June 19, 2011 | By Mark Magnier, Los Angeles Times
Afghan President Hamid Karzai confirmed Saturday that the United States had been in contact with the Taliban about a possible political settlement in the war here, which has dragged on for nearly a decade. His comments came as violence continued to rage across Afghanistan: Three suicide bombers attacked a police compound in Kabul's old city Saturday, killing four security officials and five civilians. And the NATO-led International Security Assistance Force said, without offering details, that two of its troops were killed in separate insurgent attacks in southern Afghanistan.
June 5, 2011 | By David S. Cloud and Laura King, Los Angeles Times
On a farewell visit to Afghanistan, Defense Secretary Robert M. Gates predicted Saturday that the initial drawdown of American troops next month would be "modest" and played down the possibility of far-reaching changes in U.S. strategy this summer. Gates, who is stepping down as Defense secretary at the end of the month, acknowledged that the American public was growing weary of the nearly decadelong war. But it would be "premature" to change course until it becomes clear whether the U.S. and its allies can hold territory taken from the Taliban during the last year, he said.
June 4, 2011 | By Laura King, Los Angeles Times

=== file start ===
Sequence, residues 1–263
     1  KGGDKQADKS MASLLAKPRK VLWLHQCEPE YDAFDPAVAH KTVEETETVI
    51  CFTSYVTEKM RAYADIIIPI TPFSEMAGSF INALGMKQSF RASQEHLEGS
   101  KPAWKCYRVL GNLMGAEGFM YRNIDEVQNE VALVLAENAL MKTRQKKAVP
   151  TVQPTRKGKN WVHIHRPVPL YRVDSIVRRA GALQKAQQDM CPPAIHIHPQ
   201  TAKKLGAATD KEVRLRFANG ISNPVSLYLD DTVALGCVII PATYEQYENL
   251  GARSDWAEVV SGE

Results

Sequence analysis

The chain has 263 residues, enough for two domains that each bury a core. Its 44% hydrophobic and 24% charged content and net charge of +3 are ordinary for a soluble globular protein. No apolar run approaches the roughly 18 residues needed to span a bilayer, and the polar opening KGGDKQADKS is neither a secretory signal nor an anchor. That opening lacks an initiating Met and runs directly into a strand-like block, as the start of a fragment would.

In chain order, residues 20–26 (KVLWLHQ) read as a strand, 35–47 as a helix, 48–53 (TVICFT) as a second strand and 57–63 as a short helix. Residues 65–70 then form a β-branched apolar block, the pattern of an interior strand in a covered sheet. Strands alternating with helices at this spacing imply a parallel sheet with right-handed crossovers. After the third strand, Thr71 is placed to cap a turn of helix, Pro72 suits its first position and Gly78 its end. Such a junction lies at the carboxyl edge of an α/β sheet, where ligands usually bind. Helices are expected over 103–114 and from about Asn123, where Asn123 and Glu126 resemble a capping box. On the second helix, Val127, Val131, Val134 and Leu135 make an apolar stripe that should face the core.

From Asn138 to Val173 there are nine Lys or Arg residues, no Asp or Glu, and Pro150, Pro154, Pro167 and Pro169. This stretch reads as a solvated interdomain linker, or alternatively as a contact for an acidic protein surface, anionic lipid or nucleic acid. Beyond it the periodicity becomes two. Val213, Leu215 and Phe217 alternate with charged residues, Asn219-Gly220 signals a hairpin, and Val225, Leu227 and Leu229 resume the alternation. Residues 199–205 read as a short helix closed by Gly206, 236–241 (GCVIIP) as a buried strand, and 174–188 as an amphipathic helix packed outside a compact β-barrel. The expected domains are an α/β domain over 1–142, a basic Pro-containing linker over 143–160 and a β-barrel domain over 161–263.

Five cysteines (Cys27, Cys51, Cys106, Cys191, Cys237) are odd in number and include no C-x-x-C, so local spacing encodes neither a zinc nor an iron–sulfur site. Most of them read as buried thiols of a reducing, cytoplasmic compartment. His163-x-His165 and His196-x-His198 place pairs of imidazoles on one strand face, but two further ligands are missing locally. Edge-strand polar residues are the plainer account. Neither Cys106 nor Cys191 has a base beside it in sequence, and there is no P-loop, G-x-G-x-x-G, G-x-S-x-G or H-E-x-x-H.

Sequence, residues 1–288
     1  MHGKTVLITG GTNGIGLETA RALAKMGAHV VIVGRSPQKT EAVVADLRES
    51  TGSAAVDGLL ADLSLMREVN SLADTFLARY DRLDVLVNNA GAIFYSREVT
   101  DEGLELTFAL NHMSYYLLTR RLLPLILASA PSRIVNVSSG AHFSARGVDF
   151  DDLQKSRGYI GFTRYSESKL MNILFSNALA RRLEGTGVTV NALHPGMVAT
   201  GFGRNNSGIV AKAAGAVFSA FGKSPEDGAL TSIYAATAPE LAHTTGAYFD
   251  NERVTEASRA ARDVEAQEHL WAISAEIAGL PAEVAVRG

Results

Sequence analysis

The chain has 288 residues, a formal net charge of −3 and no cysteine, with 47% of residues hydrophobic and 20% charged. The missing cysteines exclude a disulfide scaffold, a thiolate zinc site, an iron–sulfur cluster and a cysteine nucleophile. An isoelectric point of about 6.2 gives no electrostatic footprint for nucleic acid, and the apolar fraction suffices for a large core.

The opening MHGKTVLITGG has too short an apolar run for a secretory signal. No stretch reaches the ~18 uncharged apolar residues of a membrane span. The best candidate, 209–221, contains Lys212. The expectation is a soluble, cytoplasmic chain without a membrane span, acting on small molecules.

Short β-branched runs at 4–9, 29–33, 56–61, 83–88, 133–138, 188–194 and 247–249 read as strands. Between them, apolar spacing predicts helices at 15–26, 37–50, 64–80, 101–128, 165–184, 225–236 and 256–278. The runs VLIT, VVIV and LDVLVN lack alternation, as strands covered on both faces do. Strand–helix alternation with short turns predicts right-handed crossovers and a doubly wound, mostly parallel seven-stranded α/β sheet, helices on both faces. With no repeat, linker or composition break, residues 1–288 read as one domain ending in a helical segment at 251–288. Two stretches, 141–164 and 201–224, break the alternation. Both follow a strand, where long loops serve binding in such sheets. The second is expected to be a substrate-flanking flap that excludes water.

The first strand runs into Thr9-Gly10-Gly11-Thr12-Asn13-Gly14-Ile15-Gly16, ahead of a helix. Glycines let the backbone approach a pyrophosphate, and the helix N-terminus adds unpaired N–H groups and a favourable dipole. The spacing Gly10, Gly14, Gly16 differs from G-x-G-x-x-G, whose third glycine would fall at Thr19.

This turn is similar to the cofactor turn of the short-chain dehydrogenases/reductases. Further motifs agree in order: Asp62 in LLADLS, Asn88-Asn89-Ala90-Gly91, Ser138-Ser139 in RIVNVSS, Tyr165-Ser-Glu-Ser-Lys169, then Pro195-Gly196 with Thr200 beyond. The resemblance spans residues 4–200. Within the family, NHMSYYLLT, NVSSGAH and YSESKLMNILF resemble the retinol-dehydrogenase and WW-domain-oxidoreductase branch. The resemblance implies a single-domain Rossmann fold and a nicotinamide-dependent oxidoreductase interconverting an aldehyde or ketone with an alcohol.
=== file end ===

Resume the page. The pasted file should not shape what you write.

Defense Secretary Robert Gates made a farewell visit to Afghanistan on Saturday as the NATO force announced the deaths of six service members in 24 hours. Four Western troops were killed in an explosion Saturday in eastern Afghanistan, the coalition said. NATO's International Security Assistance Force also disclosed the deaths of two service members in the south a day earlier. Before arriving in the country, Gates acknowledged that the American public was growing tired of the nearly decade-long war, and said that sentiment would play a part in decision-making about the course of the conflict.
May 16, 2011 | From CNN
There are "disturbing" signs Pakistan's government knows about insurgents crossing from their country into Afghanistan, U.S. Sen. John Kerry said Sunday as he toured the region. "Yes, there are insurgents coming across the border," he said at the U.S. Embassy in Kabul, Afghanistan. "Yes, they are operating out of north Waziristan [Pakistan] and other areas of the sanctuaries, and yes, there is some evidence of Pakistan government knowledge of some of these activities in ways that is very disturbing.
November 15, 2010 | Laura King and Aimal Yaqubi, Yaqubi is a special correspondent
The Western military on Sunday suffered its most lethal day in a month in Afghanistan, with seven troops killed in the south and east, the NATO force said. Meanwhile, the Afghan government said an Afghan diplomat kidnapped by insurgents two years ago in Pakistan's tribal areas had been freed a day earlier. A brief statement from the presidential palace credited his release on "persistent efforts" on the part of the Pakistani and Afghan governments but gave no details. The envoy, Abdul Khaliq Farahi, was released in eastern Afghanistan, across the border from where he had been seized.